Stress Tests 2014: Can Banks Withstand Increasing Interest Rates?
Investors and analysts alike are confident the six largest United States financial institutions — JPMorgan Chase (NYSE:JPM), Bank of America (NYSE:BAC), Citigroup, Wells Fargo, Morgan Stanley, and Goldman Sachs — will pass the annual stress tests conducted by the Federal Reserve and show they are able to withstand prolonged market stress like the financial industry experienced between June 30, 2008 and December 31, 2008 — the worst of the financial crisis. The results, which are set to be released March 20, will likely reflect both increased capital levels and the experience banks have amassed in the numerous tests conducted since 2009. “We know the banks have enough capital, that’s not the question,” Sterne Agee & Leach analyst Todd Hagerman told Bloomberg in an interview. “It’s more about whether there is something in the capital-planning process that the Federal Reserve might object to.”
On the eve of 2014 stress tests, a source familiar with the Federal Reserve’s thinking told CNN’s Fortune that the central bank recently informed several banks that it requires more data on their trading operations, and an official request is expected to come in the next few days. More specifically, the publication’s sources believe the Fed will ask banks to show how their trading operations would perform under as many as ten different economic scenarios, all related to changes in interest rates.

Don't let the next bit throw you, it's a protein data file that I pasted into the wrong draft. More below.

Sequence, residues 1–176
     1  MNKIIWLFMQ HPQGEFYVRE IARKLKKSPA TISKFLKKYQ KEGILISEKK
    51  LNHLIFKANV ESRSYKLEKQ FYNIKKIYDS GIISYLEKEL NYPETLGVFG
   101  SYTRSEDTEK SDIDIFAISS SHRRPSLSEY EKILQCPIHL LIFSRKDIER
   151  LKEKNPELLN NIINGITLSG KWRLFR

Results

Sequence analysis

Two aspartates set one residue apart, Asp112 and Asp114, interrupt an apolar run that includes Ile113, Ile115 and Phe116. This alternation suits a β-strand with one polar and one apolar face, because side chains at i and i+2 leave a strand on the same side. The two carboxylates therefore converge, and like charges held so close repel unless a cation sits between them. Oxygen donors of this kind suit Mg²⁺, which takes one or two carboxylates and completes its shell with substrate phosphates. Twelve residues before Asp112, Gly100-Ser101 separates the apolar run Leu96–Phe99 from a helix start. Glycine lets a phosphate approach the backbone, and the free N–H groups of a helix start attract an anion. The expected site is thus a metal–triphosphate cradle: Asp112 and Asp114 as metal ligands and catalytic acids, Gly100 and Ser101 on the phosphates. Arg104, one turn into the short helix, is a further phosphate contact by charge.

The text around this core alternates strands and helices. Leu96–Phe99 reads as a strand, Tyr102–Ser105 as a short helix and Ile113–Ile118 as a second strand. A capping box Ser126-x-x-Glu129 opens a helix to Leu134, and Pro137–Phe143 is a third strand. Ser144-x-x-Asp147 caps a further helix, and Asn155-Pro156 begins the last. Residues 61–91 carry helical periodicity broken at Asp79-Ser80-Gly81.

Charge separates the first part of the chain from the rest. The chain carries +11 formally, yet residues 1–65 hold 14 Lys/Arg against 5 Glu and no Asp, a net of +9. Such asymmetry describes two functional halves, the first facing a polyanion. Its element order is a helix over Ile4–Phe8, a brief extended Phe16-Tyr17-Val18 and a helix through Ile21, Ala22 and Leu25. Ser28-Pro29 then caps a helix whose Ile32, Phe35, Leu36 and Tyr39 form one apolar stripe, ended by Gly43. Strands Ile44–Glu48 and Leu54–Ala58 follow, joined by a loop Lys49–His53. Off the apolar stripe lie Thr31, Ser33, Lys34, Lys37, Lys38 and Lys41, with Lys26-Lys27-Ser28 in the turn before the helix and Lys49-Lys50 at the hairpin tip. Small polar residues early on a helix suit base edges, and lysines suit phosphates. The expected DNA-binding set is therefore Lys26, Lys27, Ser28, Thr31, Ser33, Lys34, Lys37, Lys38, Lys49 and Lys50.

In the more than five years that have passed since the financial crisis, America’s largest financial institutions have been under intense legal and regulatory scrutiny. After the financial crisis, politicians and regulators searched for a means to repair the structural problems within the United States and the international banking system in order to insure that a similar financial meltdown would never happen again. Of course, legislation was at the forefront of those efforts. While its effectiveness has been debated, the Dodd-Frank Wall Street Reform and Consumer Protection Act, signed into law in July 2010, brought the most significant changes to financial regulation in the United States since the reform that took place following the Great Depression. Chief among its provisions, alongside the so-called “Volcker rule,” which was intended to reduce banks’ ability to take excessive risks, are stress tests.